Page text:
Corey Gray is an astrophysicist, and the lead operator at the Laser Interferometer Gravitational-Wave Observatory (LIGO) at the California Institute of Technology in Washington State. He's also a member of the Blackfoot nation through his mother, Sharon Yellowfly. Yellowfly grew up in Alberta, Canada, where she lived through brutal state-run boarding schools designed to assimilate indigenous peoples and beat their native languages out of them.
As a result, Gray himself did not grow up speaking Siksika (the language of the Blackfoot people). But in 2015, when he realized that his field was on the verge of a breakthrough in proving the existence of the Einstein-theorized gravitational waves, he saw an opportunity. As NPR explained at the time:
People from around the world were involved in the discovery. So before it was publicly announced, colleagues started translating the press release into about 20 major languages, such as Russian, French and Spanish.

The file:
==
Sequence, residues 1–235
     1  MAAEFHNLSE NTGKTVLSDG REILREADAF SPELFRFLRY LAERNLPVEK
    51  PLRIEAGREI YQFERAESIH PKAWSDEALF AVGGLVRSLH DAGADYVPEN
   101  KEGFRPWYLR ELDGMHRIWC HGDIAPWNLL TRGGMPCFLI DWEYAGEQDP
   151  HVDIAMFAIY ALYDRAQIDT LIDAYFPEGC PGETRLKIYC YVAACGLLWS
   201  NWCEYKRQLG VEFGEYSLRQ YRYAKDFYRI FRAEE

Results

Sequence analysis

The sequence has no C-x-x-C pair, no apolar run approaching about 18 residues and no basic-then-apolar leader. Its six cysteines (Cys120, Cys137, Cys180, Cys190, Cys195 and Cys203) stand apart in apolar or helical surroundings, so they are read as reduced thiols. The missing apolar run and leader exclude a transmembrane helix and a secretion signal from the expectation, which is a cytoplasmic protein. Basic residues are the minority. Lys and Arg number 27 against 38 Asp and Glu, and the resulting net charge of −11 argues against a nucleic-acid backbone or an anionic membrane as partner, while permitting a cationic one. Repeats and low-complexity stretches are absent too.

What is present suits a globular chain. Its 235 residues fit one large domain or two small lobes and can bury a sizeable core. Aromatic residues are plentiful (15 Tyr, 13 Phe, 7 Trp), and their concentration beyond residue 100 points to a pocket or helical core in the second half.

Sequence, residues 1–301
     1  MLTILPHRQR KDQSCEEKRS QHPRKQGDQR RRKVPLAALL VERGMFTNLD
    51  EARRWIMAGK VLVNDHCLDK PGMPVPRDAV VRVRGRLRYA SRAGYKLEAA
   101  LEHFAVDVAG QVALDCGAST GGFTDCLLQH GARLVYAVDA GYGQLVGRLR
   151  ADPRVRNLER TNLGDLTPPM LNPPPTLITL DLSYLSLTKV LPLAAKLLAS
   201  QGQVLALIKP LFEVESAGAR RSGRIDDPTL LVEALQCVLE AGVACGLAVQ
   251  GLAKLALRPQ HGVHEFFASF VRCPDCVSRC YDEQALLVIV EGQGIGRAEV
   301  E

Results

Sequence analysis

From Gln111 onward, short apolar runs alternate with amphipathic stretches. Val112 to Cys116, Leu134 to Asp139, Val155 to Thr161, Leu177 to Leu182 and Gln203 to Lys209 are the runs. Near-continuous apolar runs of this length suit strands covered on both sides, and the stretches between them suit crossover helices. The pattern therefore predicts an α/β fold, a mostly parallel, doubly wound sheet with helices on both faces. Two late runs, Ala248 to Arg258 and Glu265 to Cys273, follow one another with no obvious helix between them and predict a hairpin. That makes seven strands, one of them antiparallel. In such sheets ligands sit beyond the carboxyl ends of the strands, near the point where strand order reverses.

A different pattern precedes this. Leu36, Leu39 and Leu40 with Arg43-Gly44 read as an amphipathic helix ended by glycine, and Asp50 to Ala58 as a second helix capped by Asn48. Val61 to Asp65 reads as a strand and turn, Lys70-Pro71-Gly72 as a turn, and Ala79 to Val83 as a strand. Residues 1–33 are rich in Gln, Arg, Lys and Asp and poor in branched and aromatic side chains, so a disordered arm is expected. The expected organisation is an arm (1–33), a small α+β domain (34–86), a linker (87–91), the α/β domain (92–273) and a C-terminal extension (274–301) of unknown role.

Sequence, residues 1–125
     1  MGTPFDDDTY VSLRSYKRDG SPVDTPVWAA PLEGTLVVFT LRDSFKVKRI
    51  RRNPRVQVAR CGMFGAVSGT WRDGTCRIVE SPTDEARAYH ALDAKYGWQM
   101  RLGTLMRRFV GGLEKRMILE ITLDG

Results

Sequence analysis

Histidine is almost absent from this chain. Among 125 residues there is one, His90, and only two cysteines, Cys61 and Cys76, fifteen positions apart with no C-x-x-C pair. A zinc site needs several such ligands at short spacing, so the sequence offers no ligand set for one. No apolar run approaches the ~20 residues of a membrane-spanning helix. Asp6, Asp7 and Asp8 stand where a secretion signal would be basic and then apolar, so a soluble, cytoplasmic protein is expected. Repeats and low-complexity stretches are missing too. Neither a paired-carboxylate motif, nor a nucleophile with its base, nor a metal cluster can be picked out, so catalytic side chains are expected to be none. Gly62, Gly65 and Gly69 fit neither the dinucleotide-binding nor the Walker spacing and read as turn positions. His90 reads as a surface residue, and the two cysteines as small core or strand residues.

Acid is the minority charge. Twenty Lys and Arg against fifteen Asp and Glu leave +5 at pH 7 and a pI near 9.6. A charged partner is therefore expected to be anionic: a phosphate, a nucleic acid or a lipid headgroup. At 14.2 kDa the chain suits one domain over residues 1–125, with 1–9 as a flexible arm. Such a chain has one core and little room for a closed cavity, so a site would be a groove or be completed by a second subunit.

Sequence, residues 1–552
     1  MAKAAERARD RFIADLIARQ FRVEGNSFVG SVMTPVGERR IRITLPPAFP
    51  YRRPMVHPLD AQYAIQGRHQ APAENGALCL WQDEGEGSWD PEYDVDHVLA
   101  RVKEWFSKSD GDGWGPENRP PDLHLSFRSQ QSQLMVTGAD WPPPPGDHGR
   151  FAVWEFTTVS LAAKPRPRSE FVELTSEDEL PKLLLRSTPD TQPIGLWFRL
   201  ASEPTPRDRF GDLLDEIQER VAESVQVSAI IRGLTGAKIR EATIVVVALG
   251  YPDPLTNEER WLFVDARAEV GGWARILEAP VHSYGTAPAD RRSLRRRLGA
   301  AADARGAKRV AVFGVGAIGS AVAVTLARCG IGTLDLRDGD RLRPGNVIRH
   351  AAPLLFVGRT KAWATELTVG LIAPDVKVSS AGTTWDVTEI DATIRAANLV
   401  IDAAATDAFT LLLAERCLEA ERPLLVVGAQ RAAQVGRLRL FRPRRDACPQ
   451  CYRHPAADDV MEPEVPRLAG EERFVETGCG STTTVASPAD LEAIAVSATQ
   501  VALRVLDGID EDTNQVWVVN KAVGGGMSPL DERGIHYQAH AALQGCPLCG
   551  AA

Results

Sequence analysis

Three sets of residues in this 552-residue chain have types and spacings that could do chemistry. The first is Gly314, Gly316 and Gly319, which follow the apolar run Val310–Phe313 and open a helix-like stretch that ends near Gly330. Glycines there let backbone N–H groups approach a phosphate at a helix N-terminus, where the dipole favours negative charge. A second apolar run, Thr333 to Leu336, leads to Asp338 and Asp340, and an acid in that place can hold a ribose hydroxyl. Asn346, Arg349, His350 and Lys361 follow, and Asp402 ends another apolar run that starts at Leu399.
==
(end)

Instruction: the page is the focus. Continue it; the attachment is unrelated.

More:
"I thought, 'Whoa, wouldn't it be just really cool if we could get this translated into an indigenous language?' " Gray recalls.
Gray recruited his mother to help in the translation — which you can see above — but it wasn't entirely easy:
She had to create new words for weighty scientific terms such as Einstein's general theory of relativity. That one she translated into a word, "bisaatsinsiimaan," that means Einstein's "beautiful plantings."
Gravitational waves became "they stick together waves," or "Abuduuxbiisii o?bigimskAAsts."
Other words, such as "black hole" could be directly translated using the Blackfoot, or Siksika, words for "black" and "hole," or "sigooxgiya."
How A Cosmic Collision Sparked A Native American Translator's Labor Of Love [Nell Greenfieldboyce / NPR]
Meet the Mother-Son Duo Translating Astrophysics Into Blackfoot [Sabrina Imbler / Atlas Obscura]